DANA POINT, Calif. (10/21/14)--Speaking to a packed house, Credit Union National Association Executive Vice President and General Counsel Eric Richard opened CUNA's Attorneys Conference with a update on some of the most pressing regulatory issues facing credit unions.
Of primary legal concern to financial regulators is a case the Supreme Court will hear in December. It involves the issuing of guidance versus regulations, which requires a public notice and comment period. The Washington, D.C., Federal Court of Appeals ruled that an agency cannot change its interpretation of a rule without engaging in notice-and-comment.
Richard called the case "one of the most important ones to watch for regulated industries such as credit unions." The decision could articulate a standard as to when a regulated entity is expected to follow guidance, which could have implications on the examination and supervision process.
Credit Union National Association Executive Vice President and General Counsel Eric Richard (at podium) speaks to the audience at the CUNA Attorneys Conference Monday about the latest regulatory and legal issues facing credit unions. (CUNA Photo)
"If the Supreme Court upholds the D.C. court's decision, credit unions could have more opportunity to participate in the process, on the other hand, agencies might decide not to use guidance, for fear of locking themselves into a position," Richard said. "However, if the Supreme Court rejects the D.C. court, agencies will more confidently issue interpretations."
In his update on the National Credit Union Administration's risk-based capital proposal, Richard outlined CUNA's efforts over the past six months, which included meeting with stakeholders around the country, preparing a library of material to help credit unions see how they might be affected, speaking to members of Congress and helping to generate a record 2,056 comment letters on the proposal.
He also said the process has likely been a learning process for the NCUA and credit unions. Since the proposal deals with wide-ranging topics such as interest-rate risk, concentration risk, examiner power, capitalization requirements and more, Richard said the agency might be better served breaking those down into individual proposals.
"In the future, we encourage the agency to tackle areas of concern one at a time, rather than putting out a single huge proposal," he said. "It causes less heartburn to the industry and ultimately it is in the agency's interest to take things in small bites."
Other lessons learned during the risk-based capital proposal process include:
The 2,056 letters have been distilled to about 50 individual issues the agency is considering;
The unprecedented credit union reaction to the rule "must have made a huge impression on NCUA board members," and that it is just as important that those efforts be continued during the second comment period; and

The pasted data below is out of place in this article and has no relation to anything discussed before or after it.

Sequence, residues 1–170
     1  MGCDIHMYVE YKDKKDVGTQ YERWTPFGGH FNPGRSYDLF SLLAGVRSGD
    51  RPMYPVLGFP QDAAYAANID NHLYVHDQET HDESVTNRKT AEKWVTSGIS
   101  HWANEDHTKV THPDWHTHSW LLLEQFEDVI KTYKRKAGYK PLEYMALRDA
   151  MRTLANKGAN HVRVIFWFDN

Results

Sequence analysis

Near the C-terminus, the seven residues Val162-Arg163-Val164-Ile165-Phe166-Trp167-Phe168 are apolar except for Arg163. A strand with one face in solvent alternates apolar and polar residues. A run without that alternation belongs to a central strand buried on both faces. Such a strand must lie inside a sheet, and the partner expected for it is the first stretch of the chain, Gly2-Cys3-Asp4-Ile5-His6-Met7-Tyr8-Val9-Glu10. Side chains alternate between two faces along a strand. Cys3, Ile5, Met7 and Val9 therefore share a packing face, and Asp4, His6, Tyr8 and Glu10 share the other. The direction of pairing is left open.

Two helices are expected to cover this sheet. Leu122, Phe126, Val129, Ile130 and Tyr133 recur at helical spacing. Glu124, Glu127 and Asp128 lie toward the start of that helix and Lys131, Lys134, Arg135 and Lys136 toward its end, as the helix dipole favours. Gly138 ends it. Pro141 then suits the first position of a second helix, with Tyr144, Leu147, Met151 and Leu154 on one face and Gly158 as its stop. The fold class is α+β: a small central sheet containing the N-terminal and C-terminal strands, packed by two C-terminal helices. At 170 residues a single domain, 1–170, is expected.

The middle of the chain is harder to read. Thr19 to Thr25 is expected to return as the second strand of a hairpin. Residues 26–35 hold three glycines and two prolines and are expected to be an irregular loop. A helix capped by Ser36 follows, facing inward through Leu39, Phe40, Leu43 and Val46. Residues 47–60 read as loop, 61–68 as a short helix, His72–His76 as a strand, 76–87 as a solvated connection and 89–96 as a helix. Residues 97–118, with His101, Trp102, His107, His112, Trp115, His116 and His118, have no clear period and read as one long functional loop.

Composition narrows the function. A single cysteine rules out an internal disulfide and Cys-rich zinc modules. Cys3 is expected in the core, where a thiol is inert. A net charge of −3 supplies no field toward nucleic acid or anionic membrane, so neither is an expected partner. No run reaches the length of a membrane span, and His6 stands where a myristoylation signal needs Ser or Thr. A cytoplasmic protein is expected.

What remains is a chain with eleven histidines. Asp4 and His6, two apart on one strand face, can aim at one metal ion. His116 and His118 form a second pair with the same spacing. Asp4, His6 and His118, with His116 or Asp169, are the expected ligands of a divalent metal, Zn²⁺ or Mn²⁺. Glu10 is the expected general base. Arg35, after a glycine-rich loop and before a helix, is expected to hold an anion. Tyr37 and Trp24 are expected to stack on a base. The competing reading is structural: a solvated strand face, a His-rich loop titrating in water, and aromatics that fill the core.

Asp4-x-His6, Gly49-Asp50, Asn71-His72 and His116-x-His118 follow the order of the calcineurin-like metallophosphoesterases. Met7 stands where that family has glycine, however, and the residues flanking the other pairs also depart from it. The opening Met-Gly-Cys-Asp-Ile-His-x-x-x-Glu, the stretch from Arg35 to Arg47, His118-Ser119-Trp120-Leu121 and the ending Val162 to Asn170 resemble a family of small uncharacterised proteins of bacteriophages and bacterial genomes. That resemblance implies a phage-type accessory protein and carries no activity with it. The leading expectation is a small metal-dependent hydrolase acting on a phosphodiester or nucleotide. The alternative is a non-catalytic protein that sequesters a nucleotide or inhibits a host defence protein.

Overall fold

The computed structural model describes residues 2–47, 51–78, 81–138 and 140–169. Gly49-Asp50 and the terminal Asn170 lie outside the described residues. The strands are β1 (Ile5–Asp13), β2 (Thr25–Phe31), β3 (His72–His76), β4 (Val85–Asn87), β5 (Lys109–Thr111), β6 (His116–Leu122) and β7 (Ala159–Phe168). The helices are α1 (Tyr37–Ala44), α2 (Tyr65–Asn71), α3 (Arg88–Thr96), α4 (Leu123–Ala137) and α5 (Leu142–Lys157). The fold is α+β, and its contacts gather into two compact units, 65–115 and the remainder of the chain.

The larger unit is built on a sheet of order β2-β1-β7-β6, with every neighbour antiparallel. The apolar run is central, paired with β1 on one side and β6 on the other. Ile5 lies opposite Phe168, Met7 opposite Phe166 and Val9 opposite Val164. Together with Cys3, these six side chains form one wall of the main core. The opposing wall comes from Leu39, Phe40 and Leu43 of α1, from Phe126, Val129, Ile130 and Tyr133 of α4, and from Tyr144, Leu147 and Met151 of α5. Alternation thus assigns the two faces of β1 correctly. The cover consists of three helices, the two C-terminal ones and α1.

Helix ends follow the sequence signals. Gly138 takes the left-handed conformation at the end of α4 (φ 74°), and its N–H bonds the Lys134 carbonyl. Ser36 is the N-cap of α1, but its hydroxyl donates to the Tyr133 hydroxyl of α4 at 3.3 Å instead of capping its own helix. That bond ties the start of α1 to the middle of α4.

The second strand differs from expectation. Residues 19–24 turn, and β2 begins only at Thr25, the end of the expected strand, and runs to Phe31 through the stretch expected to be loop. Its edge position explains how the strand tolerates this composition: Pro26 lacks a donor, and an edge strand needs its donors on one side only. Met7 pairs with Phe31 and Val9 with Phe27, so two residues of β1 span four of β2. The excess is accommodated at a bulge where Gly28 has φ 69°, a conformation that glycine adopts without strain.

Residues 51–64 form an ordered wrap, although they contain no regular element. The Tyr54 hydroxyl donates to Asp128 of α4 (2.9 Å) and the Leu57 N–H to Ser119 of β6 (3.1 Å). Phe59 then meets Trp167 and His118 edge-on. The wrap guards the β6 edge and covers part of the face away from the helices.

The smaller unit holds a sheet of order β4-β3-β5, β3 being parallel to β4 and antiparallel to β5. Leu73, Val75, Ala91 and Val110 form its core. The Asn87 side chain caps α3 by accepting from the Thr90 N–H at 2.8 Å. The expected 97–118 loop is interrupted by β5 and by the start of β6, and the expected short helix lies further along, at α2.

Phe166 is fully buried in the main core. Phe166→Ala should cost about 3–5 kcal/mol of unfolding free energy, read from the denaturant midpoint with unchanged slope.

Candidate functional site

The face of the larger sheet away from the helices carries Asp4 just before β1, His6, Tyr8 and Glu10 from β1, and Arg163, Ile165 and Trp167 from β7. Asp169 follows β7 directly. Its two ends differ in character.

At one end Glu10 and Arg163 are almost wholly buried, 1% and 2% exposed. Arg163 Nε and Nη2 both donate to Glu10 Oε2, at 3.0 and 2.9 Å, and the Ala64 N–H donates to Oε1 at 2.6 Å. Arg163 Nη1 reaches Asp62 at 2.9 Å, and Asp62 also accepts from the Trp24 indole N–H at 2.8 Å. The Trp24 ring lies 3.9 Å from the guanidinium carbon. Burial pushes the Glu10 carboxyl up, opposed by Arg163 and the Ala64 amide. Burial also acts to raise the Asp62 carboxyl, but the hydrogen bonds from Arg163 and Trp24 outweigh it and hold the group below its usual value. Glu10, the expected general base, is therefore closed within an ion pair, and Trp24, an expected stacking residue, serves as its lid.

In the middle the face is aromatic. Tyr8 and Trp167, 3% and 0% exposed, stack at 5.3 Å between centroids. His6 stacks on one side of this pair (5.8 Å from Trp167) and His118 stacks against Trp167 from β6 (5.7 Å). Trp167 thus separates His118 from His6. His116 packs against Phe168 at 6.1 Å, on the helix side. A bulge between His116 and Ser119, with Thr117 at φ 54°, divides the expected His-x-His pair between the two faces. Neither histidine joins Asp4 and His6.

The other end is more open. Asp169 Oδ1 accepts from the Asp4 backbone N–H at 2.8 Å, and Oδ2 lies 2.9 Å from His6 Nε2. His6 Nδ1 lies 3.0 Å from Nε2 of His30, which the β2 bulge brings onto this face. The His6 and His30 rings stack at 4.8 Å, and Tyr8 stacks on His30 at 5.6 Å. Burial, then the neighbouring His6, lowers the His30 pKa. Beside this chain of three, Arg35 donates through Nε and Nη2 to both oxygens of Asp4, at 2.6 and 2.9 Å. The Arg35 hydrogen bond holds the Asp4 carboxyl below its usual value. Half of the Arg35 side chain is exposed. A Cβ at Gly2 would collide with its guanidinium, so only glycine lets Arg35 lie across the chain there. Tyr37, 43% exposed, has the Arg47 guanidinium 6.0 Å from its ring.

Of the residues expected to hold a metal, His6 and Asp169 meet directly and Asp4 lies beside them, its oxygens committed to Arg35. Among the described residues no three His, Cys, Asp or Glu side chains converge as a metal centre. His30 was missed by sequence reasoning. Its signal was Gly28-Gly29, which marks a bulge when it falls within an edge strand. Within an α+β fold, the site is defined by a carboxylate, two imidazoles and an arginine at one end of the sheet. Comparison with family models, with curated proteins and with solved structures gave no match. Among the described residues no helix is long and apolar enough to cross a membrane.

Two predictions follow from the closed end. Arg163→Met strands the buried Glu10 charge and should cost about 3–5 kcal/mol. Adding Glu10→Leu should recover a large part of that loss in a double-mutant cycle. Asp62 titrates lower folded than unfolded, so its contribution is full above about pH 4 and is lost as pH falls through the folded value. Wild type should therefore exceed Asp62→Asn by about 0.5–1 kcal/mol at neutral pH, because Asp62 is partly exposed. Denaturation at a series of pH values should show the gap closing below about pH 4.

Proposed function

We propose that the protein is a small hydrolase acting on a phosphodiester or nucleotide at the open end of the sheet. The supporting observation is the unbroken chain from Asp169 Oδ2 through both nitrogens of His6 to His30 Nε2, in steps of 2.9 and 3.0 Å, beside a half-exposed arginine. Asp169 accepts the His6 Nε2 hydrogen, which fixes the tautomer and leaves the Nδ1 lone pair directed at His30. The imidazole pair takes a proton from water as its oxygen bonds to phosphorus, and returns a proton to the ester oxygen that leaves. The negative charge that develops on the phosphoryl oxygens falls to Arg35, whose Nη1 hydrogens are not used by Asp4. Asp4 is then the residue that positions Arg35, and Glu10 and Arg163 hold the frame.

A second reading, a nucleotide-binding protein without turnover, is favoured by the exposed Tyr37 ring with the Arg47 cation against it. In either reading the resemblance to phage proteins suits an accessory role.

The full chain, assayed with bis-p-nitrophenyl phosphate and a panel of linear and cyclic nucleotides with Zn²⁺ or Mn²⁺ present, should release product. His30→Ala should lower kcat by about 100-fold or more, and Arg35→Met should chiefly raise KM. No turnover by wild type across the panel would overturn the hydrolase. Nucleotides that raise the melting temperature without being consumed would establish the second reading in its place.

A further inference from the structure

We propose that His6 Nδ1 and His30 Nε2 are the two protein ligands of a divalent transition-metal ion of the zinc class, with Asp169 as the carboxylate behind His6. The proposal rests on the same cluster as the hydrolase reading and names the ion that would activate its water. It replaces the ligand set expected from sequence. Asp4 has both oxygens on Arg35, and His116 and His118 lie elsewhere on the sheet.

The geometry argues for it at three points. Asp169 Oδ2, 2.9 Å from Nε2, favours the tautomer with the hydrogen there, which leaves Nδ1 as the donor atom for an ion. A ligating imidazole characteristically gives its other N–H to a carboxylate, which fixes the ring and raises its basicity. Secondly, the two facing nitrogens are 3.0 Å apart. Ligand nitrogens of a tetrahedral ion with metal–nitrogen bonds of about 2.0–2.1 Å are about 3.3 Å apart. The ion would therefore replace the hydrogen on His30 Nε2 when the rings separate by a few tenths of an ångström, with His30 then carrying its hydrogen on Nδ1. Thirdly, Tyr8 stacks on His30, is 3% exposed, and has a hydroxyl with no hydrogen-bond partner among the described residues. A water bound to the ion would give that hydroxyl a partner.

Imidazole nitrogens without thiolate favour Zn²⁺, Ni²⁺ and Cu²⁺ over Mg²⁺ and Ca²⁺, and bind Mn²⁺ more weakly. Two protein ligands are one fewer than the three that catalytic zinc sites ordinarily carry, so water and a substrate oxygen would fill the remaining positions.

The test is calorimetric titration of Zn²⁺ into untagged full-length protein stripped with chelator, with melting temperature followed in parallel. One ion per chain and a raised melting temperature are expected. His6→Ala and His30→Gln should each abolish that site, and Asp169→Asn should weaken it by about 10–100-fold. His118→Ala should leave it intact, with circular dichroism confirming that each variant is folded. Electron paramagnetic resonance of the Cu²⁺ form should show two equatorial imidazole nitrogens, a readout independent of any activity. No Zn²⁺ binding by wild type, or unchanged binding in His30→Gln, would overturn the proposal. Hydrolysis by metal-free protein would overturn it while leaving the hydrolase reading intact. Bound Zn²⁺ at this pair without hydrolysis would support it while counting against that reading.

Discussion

A negotiated rulemaking or Advance Notice of Proposed Rulemaking could have involved stakeholders at an earlier stage, making sure credit union voices were heard.
Data breaches are another topic that has filled the headlines recently, with a significant cost coming to credit unions and other financial institutions. According to CUNA's survey on the Target data breach, it cost credit unions roughly $30 million to re-issue credit and debit cards, as well as other costs.
Richard said a layered approach to payment security is needed, with an ultimate goal of bringing merchants to the table to discuss ways to implement appropriate security standards.
"We feel like a national standard is appropriate here, rather than a patchwork of differing state laws and regulations, but we don't want Congress to set the standard, the technology develops too quickly," he said. "We'd also like merchants to be required to reimburse credit unions for the costs they incur as a result of data breaches."
Other points he made include:
While litigation is not a "silver bullet," it is an important tool for credit unions. Some credit unions must serve as named plaintiffs if they want to sue. CUNA is working with plaintiffs firms and connecting credit unions and lawyers. A number of credit unions must serve as named plaintiffs if the industry wants to pursue class action;
For the Target breach, there are at least 30 cases directly related to financial institutions under way, with at least 10 credit unions serving as named plaintiffs. Target is trying to have the case dismissed, saying it does not owe a duty of care to financial institutions;
For the Home Depot breach, cases are just starting, including at least three involving credit unions; and
Visa and MasterCard also have procedures used to negotiate to create compensation funds for those affected.
Also during the Monday sessions at the conference was a presentation from NCUA Senior Associate General Counsel John Ianno and staff attorneys Sarah Chung and Pamela Yu. Watch News Now
Wednesday for details.
Other sessions at this week's conference include "Social Media: Compliance Challenges and Opportunities for Credit Unions," presented today by CUNA Mutual Group's Ross Hansen, associate general counsel, and Jennifer Kraus, lead attorney; and "New Developments in the Bank Secrecy Act," presented by T. Wayne Hood, senior vice president/general counsel, ORNL FCU, Oak Ridge, Tenn., with $1.5 billion in assets. Wednesday features "ID Theft Response--How to Do It Right," presented by Christopher Gerety, general counsel, APCO Employees CU, Birmingham, Ala., with $2.4 billion in assets.